Just what is "a profession"?

The role of social purpose.

What is a profession? Is it just a collective noun for a group of folk who have degrees, earn a lot of money and run a private members club; or does it capture a meaning that is more than the sum of these parts? Does it describe a group of people that does more than is legally required, that aspires to something higher – the public interest perhaps? And what does that really mean in the 21st century?

Well, I think a glimmer of an answer appears in a blog by my own CEO at ICAEW. Referring to The Times’ campaign against tax avoidance that highlighted how some of the wealthiest in our society are able to reduce their tax bill to near zero, Michael Izza wrote "I believe that there is no place for our profession in the creation or maintenance of these sorts of tax schemes". In other words whilst perfectly legal this is not an activity that characterises a profession; it is "beyond the bounds of what is reasonable and responsible tax planning".

I also asked a colleague, open and democratic fellow that I am, "what is a profession?" and she pointed me to a rather good paper in the British Actuarial Journal by C.S. Bellis. Bellis notes three defining characteristics of a profession: knowledge and training; normative elements such as ethics and a commitment to the public good; and belonging to a membership organisation guarantees the first two. 

In my last blog I talked about the parlous state of public trust in business and I would argue that the accountancy profession, rooted as it is in the audit profession, has a purpose that is about building trust in information. More specifically the audit profession has a unique position in the economic space of maintaining the public’s trust in companies’ activities. The financial crisis raised the question in the public mind of where was the audit profession in all of this and what was it doing? After all didn’t we trust them to tell us if these institutions were not performing as we were led to believe?

This has meant a lot of negative press has come the auditors’ way. Of course it is important to have open enquiry into what went wrong and why and to hold those guilty of shameful conduct to account as well as prosecuting criminal activity. This is something that we have been singularly reluctant and slow to do, blaming the system rather than the individuals. (Strangely when our cities broke out in riots a couple of summers ago the courts cranked in to full steam with impressive efficiency to prosecute the individuals – apparently the system played no part here).

All of that being said, it doesn’t get us very far away from being rather like the chorus in Greek tragedy, characterising all the awful things that have happened (usually off-stage) but with no suggestions about what to do about it. For this reason we at ICAEW began an enquiry – to which all are welcome - called Audit Futures (AF). At AF we are asking how the audit profession can be part of the answer to restoring the public’s trust rather than being part of the problem. Implicit in this is a question about what does it mean to be a profession – what is that highest aspiration above and beyond the law that can be aspired to?  Also it invites the question of what does it mean to be a professional? The answer to this must, if it is to meaningful, incorporate a notion of acting in the interests of the public and not the self; it must be about a social purpose.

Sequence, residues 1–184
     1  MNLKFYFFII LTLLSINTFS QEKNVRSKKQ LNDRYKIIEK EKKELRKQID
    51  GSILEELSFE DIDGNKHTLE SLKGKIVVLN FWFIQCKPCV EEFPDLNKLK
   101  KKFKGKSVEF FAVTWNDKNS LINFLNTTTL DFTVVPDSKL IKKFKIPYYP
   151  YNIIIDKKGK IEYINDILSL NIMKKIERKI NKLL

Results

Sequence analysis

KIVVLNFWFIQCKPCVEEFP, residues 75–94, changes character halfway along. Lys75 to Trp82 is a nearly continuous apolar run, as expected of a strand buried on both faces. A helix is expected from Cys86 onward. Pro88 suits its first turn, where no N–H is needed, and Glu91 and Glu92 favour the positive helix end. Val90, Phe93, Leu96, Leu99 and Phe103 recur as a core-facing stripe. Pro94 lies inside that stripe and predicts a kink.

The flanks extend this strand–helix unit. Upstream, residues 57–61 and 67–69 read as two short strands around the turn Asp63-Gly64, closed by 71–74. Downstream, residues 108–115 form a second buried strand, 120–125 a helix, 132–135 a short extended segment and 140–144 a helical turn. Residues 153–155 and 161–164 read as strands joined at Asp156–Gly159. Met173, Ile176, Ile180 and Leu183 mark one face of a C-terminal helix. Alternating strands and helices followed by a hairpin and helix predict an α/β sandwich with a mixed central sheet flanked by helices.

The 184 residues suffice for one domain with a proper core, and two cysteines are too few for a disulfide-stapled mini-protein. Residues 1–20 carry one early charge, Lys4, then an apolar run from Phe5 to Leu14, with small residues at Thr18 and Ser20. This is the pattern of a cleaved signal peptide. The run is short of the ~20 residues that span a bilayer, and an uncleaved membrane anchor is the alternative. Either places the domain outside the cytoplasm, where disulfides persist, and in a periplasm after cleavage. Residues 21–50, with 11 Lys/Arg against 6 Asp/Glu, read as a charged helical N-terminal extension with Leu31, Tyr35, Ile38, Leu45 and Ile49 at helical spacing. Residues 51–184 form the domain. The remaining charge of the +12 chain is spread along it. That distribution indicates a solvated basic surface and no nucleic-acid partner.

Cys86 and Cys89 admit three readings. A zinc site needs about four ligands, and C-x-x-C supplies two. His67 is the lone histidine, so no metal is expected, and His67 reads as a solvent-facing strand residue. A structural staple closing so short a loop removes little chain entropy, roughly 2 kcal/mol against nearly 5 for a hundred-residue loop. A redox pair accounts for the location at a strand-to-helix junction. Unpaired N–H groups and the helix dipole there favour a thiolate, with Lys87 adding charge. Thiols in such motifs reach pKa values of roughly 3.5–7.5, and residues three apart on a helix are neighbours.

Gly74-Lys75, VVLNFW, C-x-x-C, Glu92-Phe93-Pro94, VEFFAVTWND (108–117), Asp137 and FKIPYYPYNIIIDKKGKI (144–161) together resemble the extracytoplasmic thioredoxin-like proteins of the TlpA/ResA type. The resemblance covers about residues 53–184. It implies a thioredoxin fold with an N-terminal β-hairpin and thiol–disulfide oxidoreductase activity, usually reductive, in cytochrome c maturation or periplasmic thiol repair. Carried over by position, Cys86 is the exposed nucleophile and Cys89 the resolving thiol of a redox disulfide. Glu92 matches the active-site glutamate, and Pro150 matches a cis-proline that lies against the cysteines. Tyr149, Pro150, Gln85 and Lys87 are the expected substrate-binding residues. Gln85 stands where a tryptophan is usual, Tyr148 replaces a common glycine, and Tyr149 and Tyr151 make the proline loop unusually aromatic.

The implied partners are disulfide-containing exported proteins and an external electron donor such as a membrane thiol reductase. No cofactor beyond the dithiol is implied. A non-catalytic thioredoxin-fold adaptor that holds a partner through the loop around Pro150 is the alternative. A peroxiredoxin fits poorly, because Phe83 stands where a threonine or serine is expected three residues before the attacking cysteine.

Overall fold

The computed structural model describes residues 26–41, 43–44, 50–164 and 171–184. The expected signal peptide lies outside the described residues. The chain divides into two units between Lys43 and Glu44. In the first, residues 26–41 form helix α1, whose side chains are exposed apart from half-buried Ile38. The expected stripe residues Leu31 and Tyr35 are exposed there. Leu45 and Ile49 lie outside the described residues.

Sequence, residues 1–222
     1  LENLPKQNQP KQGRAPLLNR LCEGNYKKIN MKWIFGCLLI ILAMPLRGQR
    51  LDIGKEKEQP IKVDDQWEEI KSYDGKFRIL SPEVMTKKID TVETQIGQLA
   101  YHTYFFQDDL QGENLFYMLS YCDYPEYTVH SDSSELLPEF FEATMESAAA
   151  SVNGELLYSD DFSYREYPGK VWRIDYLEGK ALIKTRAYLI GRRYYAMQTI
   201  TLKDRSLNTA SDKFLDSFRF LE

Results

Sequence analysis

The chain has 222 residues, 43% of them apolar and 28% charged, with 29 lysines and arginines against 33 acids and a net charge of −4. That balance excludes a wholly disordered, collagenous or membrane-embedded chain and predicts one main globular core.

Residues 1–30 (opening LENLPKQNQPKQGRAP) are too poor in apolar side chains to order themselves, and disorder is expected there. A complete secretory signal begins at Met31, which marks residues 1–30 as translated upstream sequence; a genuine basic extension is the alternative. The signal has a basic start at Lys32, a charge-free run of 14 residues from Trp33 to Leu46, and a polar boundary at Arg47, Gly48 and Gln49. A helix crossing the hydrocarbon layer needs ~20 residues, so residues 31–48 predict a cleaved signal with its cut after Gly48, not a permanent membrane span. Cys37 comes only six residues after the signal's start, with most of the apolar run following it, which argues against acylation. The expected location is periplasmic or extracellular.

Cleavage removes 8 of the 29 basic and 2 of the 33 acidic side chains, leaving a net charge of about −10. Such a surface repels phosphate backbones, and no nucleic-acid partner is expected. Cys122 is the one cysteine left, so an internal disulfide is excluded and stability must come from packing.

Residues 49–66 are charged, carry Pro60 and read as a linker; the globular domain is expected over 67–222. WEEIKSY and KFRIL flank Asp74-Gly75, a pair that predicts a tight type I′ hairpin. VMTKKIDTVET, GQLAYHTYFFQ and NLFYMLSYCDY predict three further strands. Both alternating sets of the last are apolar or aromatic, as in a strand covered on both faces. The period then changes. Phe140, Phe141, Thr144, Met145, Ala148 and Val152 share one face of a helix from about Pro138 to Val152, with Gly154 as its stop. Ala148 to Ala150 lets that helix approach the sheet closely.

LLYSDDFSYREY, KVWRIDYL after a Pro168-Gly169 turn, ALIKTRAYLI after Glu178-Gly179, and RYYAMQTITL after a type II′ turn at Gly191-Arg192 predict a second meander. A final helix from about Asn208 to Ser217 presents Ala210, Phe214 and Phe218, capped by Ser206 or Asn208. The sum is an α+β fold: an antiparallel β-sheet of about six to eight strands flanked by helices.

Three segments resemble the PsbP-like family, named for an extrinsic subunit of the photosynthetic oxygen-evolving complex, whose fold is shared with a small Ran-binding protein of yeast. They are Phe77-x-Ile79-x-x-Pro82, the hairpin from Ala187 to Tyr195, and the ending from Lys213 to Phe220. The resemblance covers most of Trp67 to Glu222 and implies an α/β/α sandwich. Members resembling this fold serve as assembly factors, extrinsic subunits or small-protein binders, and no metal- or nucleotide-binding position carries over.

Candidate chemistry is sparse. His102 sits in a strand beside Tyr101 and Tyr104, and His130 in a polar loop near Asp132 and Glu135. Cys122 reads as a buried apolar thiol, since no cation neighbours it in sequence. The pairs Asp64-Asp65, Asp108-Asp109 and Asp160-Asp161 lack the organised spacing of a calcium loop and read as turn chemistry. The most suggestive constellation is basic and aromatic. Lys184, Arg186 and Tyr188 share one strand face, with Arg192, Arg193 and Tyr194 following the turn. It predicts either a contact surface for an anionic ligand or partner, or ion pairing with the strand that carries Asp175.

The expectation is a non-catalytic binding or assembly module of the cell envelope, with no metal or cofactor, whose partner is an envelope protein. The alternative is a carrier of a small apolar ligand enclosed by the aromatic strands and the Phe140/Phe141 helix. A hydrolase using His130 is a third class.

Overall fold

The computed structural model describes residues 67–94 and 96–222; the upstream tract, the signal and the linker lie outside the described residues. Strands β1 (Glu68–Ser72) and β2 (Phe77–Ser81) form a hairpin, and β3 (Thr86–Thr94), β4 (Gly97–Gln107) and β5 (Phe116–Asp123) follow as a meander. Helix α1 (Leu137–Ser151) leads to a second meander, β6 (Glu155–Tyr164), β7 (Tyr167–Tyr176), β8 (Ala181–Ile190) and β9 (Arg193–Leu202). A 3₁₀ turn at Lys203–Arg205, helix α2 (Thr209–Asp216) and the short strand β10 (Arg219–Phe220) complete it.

We expect our doctors, our nurses and our teachers to be driven by more than financial return, why should we not expect the same of our auditors? If we can find an answer around this then yes I do believe we need the professions because then the whole is more than the sum of the parts.

Photograph: Getty Images

Richard Spencer, Head of Sustainability ICAEW

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Want to send a positive Brexit message to Europe? Back Arsene Wenger for England manager

Boris Johnson could make a gesture of goodwill. 

It is hard not to feel some sympathy for Sam Allardyce, who coveted the England job for so many years, before losing it after playing just a single match. Yet Allardyce has only himself to blame and the Football Association were right to move quickly to end his tenure.

There are many candidates for the job. The experience of Alan Pardew and the potential of Eddie Howe make them strong contenders. The FA's reported interest in Ralf Rangner sent most of us scurrying to Google to find out who the little known Leipzig manager is. But the standout contender is Arsenal's French boss Arsene Wenger,